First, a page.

Step Back in Time: How to Achieve 1950s Style on the High Street

Step Back in Time: How to Achieve 1950s Style on the High Street

The 1950s was a time of great fashion innovation, with styles ranging from the feminine and elegant to the edgy and rebellious. Today, 1950s style remains popular, and it is possible to dress in this iconic fashion on the high street. In this article, I’ll give you some tips on how to dress in a 1950s style on the high street.

Start with a classic silhouette

The 1950s was characterized by feminine silhouettes that accentuated the waistline and emphasized an hourglass figure. The two main silhouettes to try and achieve are the wasp waist with either a full skirt or pencil skirt. Both of these looks are iconic, and can easily be dressed up to be sensual or flirty depending on your mood. To emphasise your nipped in waist, look for tops that have wide, soft shoulders. Belts and shape wear are good ways to make your warriors even smaller and were common tools in the fashionable fifties.

Full skirts and petticoats

Wide circle skirts were a popular choice for many in the 1950s, and to get that signature poof a petticoat was worn. They would give lift and volume to a filler skirt and are essential to get that 50s vibe. Look out for tiered petticoats that end mid-calf in pastel tones – make sure your skirt is long enough to cover it – petticoats were considered to be undergarments so one wouldn’t have them on show!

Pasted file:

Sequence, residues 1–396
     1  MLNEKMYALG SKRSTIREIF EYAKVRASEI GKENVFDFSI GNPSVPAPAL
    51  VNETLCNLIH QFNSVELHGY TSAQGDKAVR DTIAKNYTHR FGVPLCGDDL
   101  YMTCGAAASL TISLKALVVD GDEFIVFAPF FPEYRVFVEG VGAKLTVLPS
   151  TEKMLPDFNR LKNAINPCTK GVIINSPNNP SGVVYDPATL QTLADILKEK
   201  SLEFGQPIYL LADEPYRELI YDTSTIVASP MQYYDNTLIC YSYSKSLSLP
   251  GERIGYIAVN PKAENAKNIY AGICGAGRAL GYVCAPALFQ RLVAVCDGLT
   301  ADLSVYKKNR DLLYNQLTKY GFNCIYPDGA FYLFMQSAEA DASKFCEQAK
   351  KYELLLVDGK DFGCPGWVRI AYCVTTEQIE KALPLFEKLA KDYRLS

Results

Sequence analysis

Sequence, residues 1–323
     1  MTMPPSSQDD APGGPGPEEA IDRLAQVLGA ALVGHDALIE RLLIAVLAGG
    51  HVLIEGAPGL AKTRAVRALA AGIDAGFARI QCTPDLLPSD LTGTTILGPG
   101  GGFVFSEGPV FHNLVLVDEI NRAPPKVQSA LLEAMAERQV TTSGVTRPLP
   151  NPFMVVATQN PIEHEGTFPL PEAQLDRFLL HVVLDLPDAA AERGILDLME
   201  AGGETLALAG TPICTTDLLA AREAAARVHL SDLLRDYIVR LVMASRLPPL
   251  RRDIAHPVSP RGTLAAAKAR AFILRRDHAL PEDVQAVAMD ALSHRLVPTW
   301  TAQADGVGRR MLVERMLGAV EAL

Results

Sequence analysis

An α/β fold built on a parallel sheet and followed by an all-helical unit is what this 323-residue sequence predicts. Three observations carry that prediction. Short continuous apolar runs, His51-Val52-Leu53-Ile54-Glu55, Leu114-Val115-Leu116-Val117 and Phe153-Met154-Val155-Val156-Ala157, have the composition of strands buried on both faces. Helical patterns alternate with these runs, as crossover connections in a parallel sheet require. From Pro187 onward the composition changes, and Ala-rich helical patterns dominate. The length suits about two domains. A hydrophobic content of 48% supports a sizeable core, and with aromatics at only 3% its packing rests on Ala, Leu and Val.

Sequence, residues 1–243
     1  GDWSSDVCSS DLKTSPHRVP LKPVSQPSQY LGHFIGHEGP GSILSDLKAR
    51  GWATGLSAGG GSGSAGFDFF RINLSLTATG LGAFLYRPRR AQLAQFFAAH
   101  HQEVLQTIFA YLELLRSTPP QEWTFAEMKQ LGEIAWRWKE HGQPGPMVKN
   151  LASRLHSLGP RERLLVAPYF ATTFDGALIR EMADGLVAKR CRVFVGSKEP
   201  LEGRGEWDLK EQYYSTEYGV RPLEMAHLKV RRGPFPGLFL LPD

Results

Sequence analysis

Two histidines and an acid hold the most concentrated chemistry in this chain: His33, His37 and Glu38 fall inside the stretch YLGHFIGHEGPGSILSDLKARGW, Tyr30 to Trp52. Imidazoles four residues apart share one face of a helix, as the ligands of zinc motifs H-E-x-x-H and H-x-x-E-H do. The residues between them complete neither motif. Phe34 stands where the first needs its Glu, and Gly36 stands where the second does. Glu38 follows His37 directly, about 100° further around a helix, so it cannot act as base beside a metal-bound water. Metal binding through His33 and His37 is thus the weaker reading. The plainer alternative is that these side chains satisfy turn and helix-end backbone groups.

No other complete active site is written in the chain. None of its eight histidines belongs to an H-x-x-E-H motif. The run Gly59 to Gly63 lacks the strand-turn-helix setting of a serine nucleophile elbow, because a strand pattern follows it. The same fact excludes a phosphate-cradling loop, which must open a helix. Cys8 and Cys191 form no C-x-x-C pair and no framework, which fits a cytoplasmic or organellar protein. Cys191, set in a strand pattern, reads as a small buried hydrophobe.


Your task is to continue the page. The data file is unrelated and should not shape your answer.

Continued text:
Pencil skirts

Also known as hobble skirts, pencil skirts were slim fitting to mid-calf, creating that signature “wiggle” when a woman walked. Pencil skirts began at the natural waist and would fall in a straight line, skimming the hips and usually having some extra fabric behind the back slit. In old sewing patterns, this extra rectangle of fabric is sometimes known as a Dior pleat. Dresses with a pencil line to the skirt were very popular too – especially with the adult crowd.

Common designs in 1950s clothing to look out for

  • One and two piece dresses with small collared, fitted blouse and full, pleated skirts that reached to mid-calf
  • Casual dresses with tied shoulder straps and halter straps, boned bodices, and the classic circle skirt
  • Similarly fitted dresses for evening wear that had an opaque strapless bodices with sheer silk or nylon overblouse worn with it. The overblouse usually has long, full sleeves or can be sleeveless
  • Prom “cupcake” dresses in pastel tulle that are bedecked with trims, ruffles and velvet bows.
  • Long sleeved cardigans that have a plain, ribbed neck and can be beaded or appliquéd

Choose the right fabrics

The 1950s was a time of great fabric innovation, with new synthetic materials like polyester and nylon becoming popular. However, natural fabrics like cotton and silk were still used. For the daytime, look out for natural fabrics, rayon, nylon, poly-cotton for dresses, blouse and skirts and acrylic and cashmere for knitwear. Evening what is more luxurious so keep your eyes peeled for satin, velvet, netting, tulle and chiffon.